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The daily Tar Heel. (Chapel Hill, N.C.) 1946-current, November 13, 1981, Page 1, Image 1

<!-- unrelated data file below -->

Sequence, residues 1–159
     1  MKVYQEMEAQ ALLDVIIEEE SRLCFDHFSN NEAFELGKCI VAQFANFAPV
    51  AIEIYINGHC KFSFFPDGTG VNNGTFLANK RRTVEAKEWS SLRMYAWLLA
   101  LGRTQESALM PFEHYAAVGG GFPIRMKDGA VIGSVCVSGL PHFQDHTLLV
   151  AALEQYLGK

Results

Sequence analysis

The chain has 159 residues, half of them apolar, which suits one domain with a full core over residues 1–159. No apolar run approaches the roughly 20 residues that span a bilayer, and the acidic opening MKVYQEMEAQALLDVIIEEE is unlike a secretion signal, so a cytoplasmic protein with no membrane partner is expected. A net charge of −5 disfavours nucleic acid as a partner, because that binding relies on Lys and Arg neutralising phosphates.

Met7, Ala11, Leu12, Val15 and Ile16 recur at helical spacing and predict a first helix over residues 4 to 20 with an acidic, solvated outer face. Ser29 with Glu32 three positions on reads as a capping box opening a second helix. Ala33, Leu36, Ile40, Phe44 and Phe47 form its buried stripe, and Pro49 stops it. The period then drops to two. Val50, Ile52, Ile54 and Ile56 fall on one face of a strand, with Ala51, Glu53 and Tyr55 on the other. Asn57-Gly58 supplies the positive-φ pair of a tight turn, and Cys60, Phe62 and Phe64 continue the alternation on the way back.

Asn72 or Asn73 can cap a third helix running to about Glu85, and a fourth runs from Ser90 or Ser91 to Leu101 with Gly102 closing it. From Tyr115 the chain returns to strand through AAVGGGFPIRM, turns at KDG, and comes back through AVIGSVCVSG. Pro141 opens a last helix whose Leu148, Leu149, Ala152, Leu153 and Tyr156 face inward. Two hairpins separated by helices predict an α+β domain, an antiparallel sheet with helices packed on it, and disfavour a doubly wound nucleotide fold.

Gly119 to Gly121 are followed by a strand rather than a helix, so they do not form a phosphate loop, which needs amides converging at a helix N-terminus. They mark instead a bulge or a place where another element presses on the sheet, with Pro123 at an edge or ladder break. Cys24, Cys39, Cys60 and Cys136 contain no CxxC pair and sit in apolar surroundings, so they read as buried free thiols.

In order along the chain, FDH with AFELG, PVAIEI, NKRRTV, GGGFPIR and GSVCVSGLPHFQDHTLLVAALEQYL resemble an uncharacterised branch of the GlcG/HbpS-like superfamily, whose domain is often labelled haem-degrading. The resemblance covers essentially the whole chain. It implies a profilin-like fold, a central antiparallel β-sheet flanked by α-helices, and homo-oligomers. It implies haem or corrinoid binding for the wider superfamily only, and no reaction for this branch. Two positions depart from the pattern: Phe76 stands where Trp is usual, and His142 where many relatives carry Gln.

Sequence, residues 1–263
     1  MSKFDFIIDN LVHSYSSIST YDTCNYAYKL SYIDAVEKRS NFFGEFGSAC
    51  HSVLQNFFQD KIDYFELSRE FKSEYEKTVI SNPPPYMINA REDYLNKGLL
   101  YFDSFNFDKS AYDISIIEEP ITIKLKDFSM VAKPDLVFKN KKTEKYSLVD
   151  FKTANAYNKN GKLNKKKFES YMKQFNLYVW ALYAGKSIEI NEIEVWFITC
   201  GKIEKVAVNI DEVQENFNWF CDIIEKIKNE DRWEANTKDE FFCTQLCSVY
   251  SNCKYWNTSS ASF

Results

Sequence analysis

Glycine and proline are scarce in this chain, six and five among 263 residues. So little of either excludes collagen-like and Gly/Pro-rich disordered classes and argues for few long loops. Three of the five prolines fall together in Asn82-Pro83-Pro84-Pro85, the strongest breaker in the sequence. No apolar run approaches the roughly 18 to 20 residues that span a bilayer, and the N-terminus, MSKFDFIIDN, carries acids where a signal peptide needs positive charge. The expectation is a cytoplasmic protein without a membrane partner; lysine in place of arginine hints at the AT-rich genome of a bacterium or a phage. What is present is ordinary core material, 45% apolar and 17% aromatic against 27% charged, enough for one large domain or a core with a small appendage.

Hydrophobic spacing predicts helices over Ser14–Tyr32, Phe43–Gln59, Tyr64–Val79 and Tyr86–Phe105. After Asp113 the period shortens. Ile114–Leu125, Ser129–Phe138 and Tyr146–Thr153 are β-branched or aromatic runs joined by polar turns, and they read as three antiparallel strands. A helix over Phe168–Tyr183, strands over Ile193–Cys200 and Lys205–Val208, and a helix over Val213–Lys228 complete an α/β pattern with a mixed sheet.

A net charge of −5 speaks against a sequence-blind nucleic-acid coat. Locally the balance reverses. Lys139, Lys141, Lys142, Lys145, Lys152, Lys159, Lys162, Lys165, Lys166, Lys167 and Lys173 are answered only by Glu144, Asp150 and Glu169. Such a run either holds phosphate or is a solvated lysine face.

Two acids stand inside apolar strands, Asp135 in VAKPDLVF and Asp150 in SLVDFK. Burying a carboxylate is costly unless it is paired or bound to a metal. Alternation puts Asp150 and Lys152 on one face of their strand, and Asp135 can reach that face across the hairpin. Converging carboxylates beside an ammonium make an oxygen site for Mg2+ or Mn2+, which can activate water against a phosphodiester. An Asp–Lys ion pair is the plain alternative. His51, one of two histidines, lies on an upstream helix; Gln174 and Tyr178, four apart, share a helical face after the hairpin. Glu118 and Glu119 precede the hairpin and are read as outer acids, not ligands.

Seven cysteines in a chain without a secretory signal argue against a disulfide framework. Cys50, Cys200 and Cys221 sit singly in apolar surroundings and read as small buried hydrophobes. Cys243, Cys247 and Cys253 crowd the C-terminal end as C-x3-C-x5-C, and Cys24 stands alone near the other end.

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Blues Springsteen Mostly sunny and cool today with a high of 53; low tonight 32. Upper Deck Chapel Hill has a new night spot scheduled to open this weekend above the Porthole. See story on page 3. Serving the students and the University community since 1893 rr Xnliime Rw Ijmip 3 Friday, November 13, 1981 Chapel Hill, North Carolina NewsSportsArtt 962-0245 BusinessAdvertising 962-1163 1 So am e fire elo ad Toy ud in K?' V gum Southern Bell inadequate in billing By DAVID ROME DTHSJaffWriler It's monthly bill time again and Southern Bell has sent out its computerized greetings to campus dormitories, and roommates are arguing over who made which call and who called information IS times on a Saturday night. There are three campus roommates, however, who did not receive a Southern Bell bill this week, and have not received a bill this semester. They have been freeloading at the expense of the Southern Bell Phone Company, which, incidentally, has already made plans to pass on its expenses to UNC students. These three phone-callers wished to remain anonymous. They live on the third floor of an old dorm between the Old Well and New West. The three roommates estimate that they have been running up a substantial bill since they've been reaching out and touching everyone for free. Their suitemates have begun to take advantage of the "complimentary" phone service, as ' well. Several other students have reported not receiving a bill, as well. They are wary of the impending super-bill or possible phone call from Southern Bell itself, but are prepared to take on the monopoly which is backed by the huge Bell Telephone enterprise. This conflict can be viewed also as a transgression by the students of the spirit which the UNC Honor Code evokes. By not bringing the error to the phone company's attention, they are hurting the company's profits. The company's financial situation has already forced it to plan a substantial increase in the campus in stallation fee with indications of other increases to come. One of the students defended his position: "I thought it was just like home. You just pick up the phone, and it works. Anyway, the phone company is cheating itself." Another occupant said that he has been pretty generous to Southern Bell and has only called long dis tance after 1 1 p.m. whenever possible. He said also that the bill should not be too bad because he has kept all the calls to Germany under three minutes. When called to comment on the situation Southern Bell's response was, "We're sorry, we have a problem completing your call as dialed.... This is a recording." r I if, I j i K i : Fobfciry f bank 01 H Jay HyuwH Chapel Mi ownnouse to use solar heating By RACHKL PERRY Cily Kdilor Several people were questioned by po lice and released Thursday night in con nection with an early afternoon robbery of Northwestern Bank on East Franklin Street. An undisclosed amount of money was stolen from the bank by a man with a toy gun at 2:35 p.m. Thursday. Chapel Hill police and FBI agents were looking for a suspect described as a Caucasian male, about 35 years of age, 6 feet tall with "salt and pepper hair," said Ben Callahan, Chapel Hill Police Depart ment administrative assistant. The robbery was the first time a North western bank had been robbed in Chapel Hill. Callahan said the thief presented a note invinjclin?' a iHler to ov him ttmt Kills The man then walked down Franklin Street into the Record Bar and left through a back door, he said. "He just told them his car was parked out there, and they unlocked the door to let him out," Callahan said. "The sales people didn't even realize what had hap pened until police started investigating right after the. robbery." Police found the toy gun, a black toboggan and a blue windbreaker in the alley behind the Record Bar. The bank was almost empty when the robbery occurred, Callahan said. "(The tellers said) he didn't seem nervous at all. He just took the money and walked out." The robbery is the first since last winter, Callahan said. On Dec. 15, the First Citizen's Bank on East Franklin Street was robbed. Police are still investi gating the robbery. By ANNA TATE DTH SUff Writer Solar heating, an alternative energy method, is catch ing on fast in North Carolina. In fact, the state's first solar-heated townhouse is be ing built in Chapel Hill. The new solar townhouses at 130 E. Longview St. off Airport Rd. have been designed by Space Buildings of Chapel Hill to more efficiently utilize the sun's power. "We chose to build townhouses as opposed to conven tional single houses because townhouse design in general is rnore energy efficient," said Lucy Davis, an architect with Space Buildings and developer of the solar town house project. ' See related story on p. 5 "We were thinking about all aspects of energy conser vation," she said. "We tried to do cost-efficient solar design no high tech, just a very simple system." Davis said Space Builders used local materials to save energy that might have been wasted by bringing in non local materials. They also built the townhouses at a loca tion within walking distance of town and campus so that , people could leave their cars at home ' ., t .- ' Budget director apologises The townshouses' solar system function with a solar attic air collector system. "It's like a greenhouse cut into the roof," Davis said. The heated air collects in the attic space and circulates throughout the house. . The heat is collected by "glazing," a technical term for fiber glass roofing that covers the collector space. The passive direct-gain system obtains additional heat from sun rays hitting multiple glass doors and panels facing south. "Solar design is good because it utilizes things that you would have in a home anyway, like glass windows and doors," Davis said. "They are simply placed on the south side of the houses." Giles Blunden, another architect with Space Builders, said that one problem with solar heating was that some homes become overheated and the temperature was harder to regulate. Blunden said that Space Builders had solved that pro blem by designing additional storage mass in the form of additional masonry in the townhouses. "The 12-inch concrete block wall filled with sand will hold the heat longer and therefore help keep the temper ' ature constant," Blunden said. Both Davis and Blundert agreed that the advantages of solar heating and design outweighed any disadvantages. "We are estimating 70 to 75 percent savings on energy costs over the energy costs of conventional houses," Davis said. . "I think the biggest advantages of solar design, other . than the money saved, is just the nature of a solar house in general," Blunden said. "The houses are warm, with a lot of sunlight coming in." David Thurber of Space Builders said the future of solar design looked promising. "People are going to need simple, inexpensive systems like solar heating be cause of economic pressures." There are three main reasons that solar energy has not become fully utilized by the general public. "First of all, people are very skeptical, especially when it comes to new technology," he said. "Also, people don't want to put up the initial costs. They would rather just keep paying their monthly bills." Thurber also said that solar technology has gotten almost too advanced for economic and energy efficien cy. "People are hesitant. They like to wait until all the bugs get worked out before they invest," Blunden said. Four of the new solar townhouses, each with 1,000 square feet of floor space, will be for sale in Dec. 1981. Space Builders and developers Davis, Davis & Davis are . planning to build 15 more units. M alfunctio n to s ho rte n space shuttle's mission Meagan9 tockman settle differences The Associated Press WASHINGTON Budget Director David A. Stockman recanted his own "poor judgment and loose talk" in what he termed a visit to President Ronald Reagan's woodshed Thursday. Stockman said Reagan rejected his offer to quit for having expressed doubts about the ad ministration's economic program. Stockman said he tendered his resigna tion in a 45-minute Oval Office meeting with a "very chagrined" president, who, at the end, "asked me to stay on the team." He agreed. The 35-year-old budget director, .who grew up on a farm, said the session re minded him of "a visit to the woodshed after supper." . He said he told Reagan that "I have one purpose ... and that is to dispel any notion" that he did not have faith in the program he designed as the president's top budget planner. "I deeply regret any harm that I've done," Stockman said, adding, "I am grateful for this second chance, to get on with the job the American people sent President Reagan to do." After Stockman's news conference at the White House, reporters were given an official statement which said Reagan "ex pressed his grave concern and disappoint ment" in the remarks attributed to Stock man in the December issue of the Atlantic Monthly magazine. "After reviewing the article on David Stockman ... the president today directed Mr. Stockman to meet with him. Mr. Stockman and the president met alone for lunch in the Oval Office from 12:45 to 1:30 p.m." the. statement said. "Mr. Stockman acknowledge that he had made a mistake and apologized for what he has now come to recognize as a grievous error. "The president expressed his grave concern and disappointment about the issues raised by the article. He expressed particular dismay at the possible sugges tion that his administration or any members of his administration might seek to mislead the American public. "He stated unequivocally that he would not tolerate any such behavior; that the policies of this administration were being pursued and must continue to be pursued in good faith, on the See STOCKMAN on page 2 The Associated Press CAPE CANAVERAL, Fla. Space shuttle Columbia, its flight only 6lA hours old, was told Thursday its planned five-day mission would be cut to slightly more than two days because of a malfunc tioning fuel cell. After ordering the cell shut down, Mis sion Control said "when a fuel cell is taken permanently off the line, it brings about a mission rule that calls for a mini mal mission 54 hours." Astronaut Joe Engle, the ship's com mander, radioed Mission Control in Houston and asked shuttle coordinator Dan Brandenstein: "Dan, do you think, we can recover that cell later." "I don't believe we can,! Brandenstein said.": ' - 'J -. .'. - ..'."""v " . , The problem was in one of the three cells that provide the spaceship with elec trical power. The cell showed too much alkalinity and was shut down. Dan Long, a spokesman for United Technologies which builds the power pro ducing cells, said the ship could operate its full 83-orbit mission with only two cells. But mission rules said otherwise. Engle and Richard Truly had a perfect liftoff earlier in the day, but they soon were faced with seemingly minor pro blems, until Fuel Cell No. 1 showed too much alkalinity. When the astronauts got the word, their voices betrayed no emotion. They were told the procedures for deactivating the fuel cell would be radioed to them. Their journey is officially designated by the National Aeronautics and Space Administration as STS-2 (for Space Transportation System, mission two). It was to end next Tuesday afternoon with a ryl V i . V V.'v I - - i - , - t Sprung a leak? Late Thursday evening amidst the Murphy, Saunders, and Manning courtyard, there arose from the ground the fountain of youth? Unfor tunately not only a burst pipe. , , wheels-down landing on Rogers Dry Lake at Edwards Air Force Base in California. That will now take place late Saturday afternoon Following its brilliant launch, the shut tle settled easily into orbit 137 miles high, and as Truly tinkered with problems, he dropped his business-like manner and told Mission Control: "You won't believe this, but this is fun." The fun didn't last for long, although there was nothing life-threatening about Columbia's trouble. It had to be a disappointment for the astronauts, a pair of military test pilots who had awaited space flight a combined 31 years as NASA astronauts. As their ship accelerated to its 17,400-mph speed Engle aUo.wedyciy smooth.' ' The early hours of flight were , less than smooth, however, as the crew worked with Mission Control to solve a number of technical problems. Eight days' wait for launch ended at 10:10 a.m. EST when the shuttle's three main engines and two solid rocket boosters fired with 6.4 million pounds of thrust. The 49-year-old Engle's heartrate averaged 1 10; Truly's a leisurely 86-94. Launch control's clock stood at 10:09:59.887 when the 184-foot shuttle lifted off on its 83-orbil, five-day tour. The crowd at the launch site, sparse by past standards, looked in awe as the trail ing column of white smoke snaked through one lone cloud and then far into the sky. Truly turned 44 Thursday and the launch crew had put a hugh "happy bir thday" sign over the shuttle's entry door. His traditional steak breakfast was graced with an untraditional birthday cake, de corated with the red-white-and blue eagle design of the STS-2 shuttle patch. By GELAREH ASAYESH DTH Staff Writer The emerging outcomes of President Ronald Reagan's regulatory reform program recently have convinced some consumer advocates that the administration is easing re strictions on business without paying enough attention to other concerns. "What they (the administration) have said, obviously, is that they want to get us to back industry," said an em ployee of the Environmental Protection Agency recently, ; We're taking a much closer look (at regulations) on the grounds that regulation has become a significant burden hindering growth and causing higher inflation. who wished to remain anonymous. "I think that's pretty common knowledge around here." The Presidential Task Force on Regulatory Reform, headed by Vice President George Bush and coordinated through the Office "of Management and Budget, is cur rently reviewing about 100 regulations affecting the en vironment, food and drug regulation, employment guide lines, occupational safety and other areas, including ma jor regulations in the automobile industry. The review intends to evaluate regulations on a basis of their cost-effectiveness and, whenever possible, will take the least costly alternative, said Robert T. Miki, the Department of Commerce representative on the 'task force. ' . ' "(Our purpose) is to reduce unnecessary burdens on both the private sector and state and local sector," said Ed Dale, assistant director for public affairs in the OMB. "It's not to abandon the goals of environment, health and safety. "(We're taking) a much closer look (at regulations) on the grounds that regulation has become a significant burden hindering growth and causing higher inflation." ' Dale cited as an example the recent elimination of a regulation requiring airbags in automobiles. "That saves the consumer a billion dollars." Easing up restrictions on business might be the result of regulatory reform, he said. "It will be imposing less burdens on business for a very good reason, that is to im prove production and reduce inflation..., I think I'm pro tecting the consumer if I prevent inflation from going up." OMB figures estimate that as a result of regulatory" reform, about $6 billion in recurring costs and $15 billion to $18 billion in one-time costs will be saved be tween January and April. Miki said $5 billion to $6 billion would be saved annually. But Nancy Drabble of Congress Watch, a consumer action group established by consumer activist Ralph Nader, said the costs avoided by business would be shifted onto the consumer. "Somebody's paying, but in stead of the business paying, the consumer is paying in hospital bills." Drabble said the OMB lacked the exper tise to be the final decision-maker in eval uating regulations. "The (regulatory) agencies are the ones who have the exper tise. 1 '. ; . "Besides, they (OMB) are politically motivated and OMB's involvement is not on the public record. There is no way for the public to influence the decision,. "The purpose (of the task force) is to make sure that business gets the results it wants from the (regulatory) agencies through a backdoor; hoping to ignore the regu lar channels (of decision making)," she said. While regulations are being revised, postponed or eliminated, the administration has also imposed budget and staff cuts on regulatory agencies. Dale said other than through the budget cuts and staff appointments, the OMB had no influence on the regula tory actions of the agencies. "The (Consumer Product Safety Commission) can go on and issue any damn (sic) rule it wants to and act like a nanny and we can't do a thing about it," he said." But Loire said agencies such as the Occupational Safe ty and Health Administration, Equal Employment Op portunity Commission; Federal Trade -Commission and EPA were being under cut by the Reagan administration. "The leadership in all of those cases is changing, and that leadership is beginning a process of dismantling and putting on hold rule making standards which were in progress. (And) by the reduction of funding you control how much enforcement you can have," Loire said. The thrust of the administration's regulatory reform plan has been to put more of the burden of consumer protection on the consumer and on state agencies and governments. Lorre said that in many cases consumer awareness and state regulation would not suffice for ade quate protection. "The administration says that what they want to do is employ- consumer education in the place of regulation, and Ave just don't feel that you can substitute setting standards with consumer education, and (doing that) is backing off of a good safety program." An example was elimination of a regulation that re quired child-proof caps on some medicine bottles, Loire said.-"No matter how much parents understand the issue and take more precautions, it is impossible to keep the child totally away from medicine bottles," she said. State governments, Loire said, do not have the budget to ensure consumer protection and, in some cases, measures must be taken nationwide. While consumer action groups foresee an era where the hardwon safety rules of the past decade are taken off the books, at least one business group said deregulation had not had any effects yet. ' "In general there is still a lot to be done," said Robert McFadden of the Motor Vehicle Manufacturer's Association. "We have more or less agreed (with the government) on the issues that need to be reviewed.... (But) to date (there has been) very little final decisions made. The airbag (regulation) is the only exception." While many groups agreed deregulation for the elimination of waste is a valid concern, some, like Lorre . and Drabble, say the administration is not addressing the issue. The Reagan administration's motives for regulatory reform are suspect. "I think that business has a legitimate complaint with the number of rules and regulations," said Ford Runge, a political science professor of public policy at UNC. Consumers are going to have to become ... more careful shoppers. They 're going to have to read more, to know what they want.... "On the other hand, there's no question that the types of items the government is pursuing (in its reform) are not close to those one would pursue for cost effectiveness. The agenda ... may be more informed by political motivations rather than cost-effectiveness con cerns. See DEREGULATION on page 4